‘Muttonbirds—part of a story’, TIME, 21 November 2005
As City Gallery Wellington curator Gregory O’Brien has put it, “he is a particularly astute observer of the act of breaking open the surface of the earth.”
Off the southernmost tip of New Zealand is Stewart Island, or Rakiura, the Maori name meaning Glowing Skies. But each summer, the Southern Lights that play across the area’s skies are blacked out as millions of migratory seabirds descend on the adjacent islands known as Titi, Maori for muttonbird. Having flown all the way from Alaska’s Aleutian Islands to sub-Antarctic nesting places across Australasia and South America, the sooty shearwater has come home to roost. And to be routed.
For centuries, Maori muttonbirders have sought out the birds’ burrows during the autumn, collecting their newly hatched chicks for feathers and food. “It’s primeval,” Bruce Connew says of the remote rocky seascape and the mysterious practice it has spawned.
Until recently, muttonbirding was little seen outside the islands’ traditional owners, who are allowed to collect the chicks each April and May. But last year, one of Taukihepa’s beneficial owners, Dean Tiemi Te Au, invited Connew, a photographer and Time contributor, to visit the island and observe the secret underground harvest. The resulting series of photographs, on display at Wellington’s Michael Hirschfeld Gallery until Dec. 4, is not only a rare cultural document but a haunting work of art. Alternating between scenes of cartwheeling muttonbirds in flight, as they fish to feed their young, and the grim reality on shore as the birders seek out the nests in the dark peaty soil, ‘Muttonbirds—part of the story’ is a black-and-white ode to life and death.
Photographer Connew is at home in strange, subterranean worlds. “I was comfortable underground,” he wrote in the introduction to his 1986 series on coal miners, ‘Beyond the Pale’ (both his uncle and grandfather worked the mines around Denniston and Stockton). A few years later, Connew’s camera found remarkable empathy with Burma’s Karen people in their fight against the country’s military rulers—a conflict that formed the basis of his acclaimed book ‘On the way to an ambush’. His latest ground-hugging work is no less embedded than his reportage from South Africa or Kosovo. As City Gallery Wellington curator Gregory O’Brien has put it, “he is a particularly astute observer of the act of breaking open the surface of the earth.”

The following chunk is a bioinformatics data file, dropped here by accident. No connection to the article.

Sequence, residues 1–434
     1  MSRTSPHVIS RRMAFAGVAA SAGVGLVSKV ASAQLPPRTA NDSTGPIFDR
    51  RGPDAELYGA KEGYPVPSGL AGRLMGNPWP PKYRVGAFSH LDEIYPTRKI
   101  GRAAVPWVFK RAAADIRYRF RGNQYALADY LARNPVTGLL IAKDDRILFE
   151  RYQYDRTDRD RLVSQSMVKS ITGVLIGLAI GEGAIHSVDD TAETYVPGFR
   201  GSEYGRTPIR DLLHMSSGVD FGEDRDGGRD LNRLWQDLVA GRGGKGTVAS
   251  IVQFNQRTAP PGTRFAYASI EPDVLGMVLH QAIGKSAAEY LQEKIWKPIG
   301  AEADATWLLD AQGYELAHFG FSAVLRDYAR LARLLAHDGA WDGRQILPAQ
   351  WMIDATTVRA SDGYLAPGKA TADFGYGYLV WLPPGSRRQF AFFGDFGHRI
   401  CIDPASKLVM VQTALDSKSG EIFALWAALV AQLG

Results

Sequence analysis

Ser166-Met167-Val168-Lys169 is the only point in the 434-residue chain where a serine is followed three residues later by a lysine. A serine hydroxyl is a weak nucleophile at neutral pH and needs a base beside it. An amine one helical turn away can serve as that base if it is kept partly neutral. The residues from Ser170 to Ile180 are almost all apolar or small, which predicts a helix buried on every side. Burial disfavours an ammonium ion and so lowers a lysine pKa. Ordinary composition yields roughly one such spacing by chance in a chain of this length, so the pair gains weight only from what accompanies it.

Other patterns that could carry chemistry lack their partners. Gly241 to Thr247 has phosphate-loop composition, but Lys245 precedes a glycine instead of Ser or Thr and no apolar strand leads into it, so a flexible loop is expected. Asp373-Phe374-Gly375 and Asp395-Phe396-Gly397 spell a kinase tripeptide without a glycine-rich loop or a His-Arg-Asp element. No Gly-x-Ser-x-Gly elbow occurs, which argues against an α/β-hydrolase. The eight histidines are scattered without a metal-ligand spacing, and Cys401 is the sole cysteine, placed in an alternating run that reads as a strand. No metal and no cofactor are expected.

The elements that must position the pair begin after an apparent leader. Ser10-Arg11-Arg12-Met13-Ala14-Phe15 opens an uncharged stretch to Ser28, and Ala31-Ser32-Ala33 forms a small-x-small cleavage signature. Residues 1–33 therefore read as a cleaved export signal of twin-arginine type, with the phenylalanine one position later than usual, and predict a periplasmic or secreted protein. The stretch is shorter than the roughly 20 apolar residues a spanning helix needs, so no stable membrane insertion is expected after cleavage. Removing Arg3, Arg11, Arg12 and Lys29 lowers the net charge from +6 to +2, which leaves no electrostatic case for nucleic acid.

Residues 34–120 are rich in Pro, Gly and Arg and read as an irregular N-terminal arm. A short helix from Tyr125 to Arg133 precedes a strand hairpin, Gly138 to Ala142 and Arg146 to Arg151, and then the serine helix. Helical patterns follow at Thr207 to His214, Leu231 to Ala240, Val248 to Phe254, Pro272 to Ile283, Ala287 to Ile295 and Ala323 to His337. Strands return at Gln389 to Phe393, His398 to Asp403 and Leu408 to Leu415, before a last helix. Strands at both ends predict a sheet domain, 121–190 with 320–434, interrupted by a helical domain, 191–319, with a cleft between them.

Together with Connew’s photographs, ‘Muttonbirds—part of a story’ forms a poetic portrait of the rites of passage of both man and nature, soaring across the heavens and crouching toward death.
But as the title of Connew’s current show suggests, photography is only part of the story. Accompanying the exhibition is a beautifully simple book in which Dean Tiemi Te Au recounts his own sometimes painful struggle to reclaim his family tradition. “That first season down on the island,” he writes, “my Uncle Norman, the grand master of muttonbirding, taught me the whole process. Wax on, wax off, wax on, wax off. I can still hear him saying it. It got to the point where I called him Mr. Miyagi, out of The Karate Kid. He had that look. He taught me how to extract the young birds from their burrows, to catch them at night later in the season when they came out in the wind and rain to shed their down. I would bite their heads in the old way—instant death. Hand plucking, gutting, waxing, salting. I was taught by the best.”
Together with Connew’s photographs, ‘Muttonbirds—part of a story’ forms a poetic portrait of the rites of passage of both man and nature, soaring across the heavens and crouching toward death. Through oral history and pictures, it also gives expression to the Maori metaphor he manawa titi, which describes a man with staying power as carrying the titi’s strength of flight. In this case, what is true of the muttonbirder is also true of the photographer who has captured him.
MICHAEL FITZGERALD / 11.2005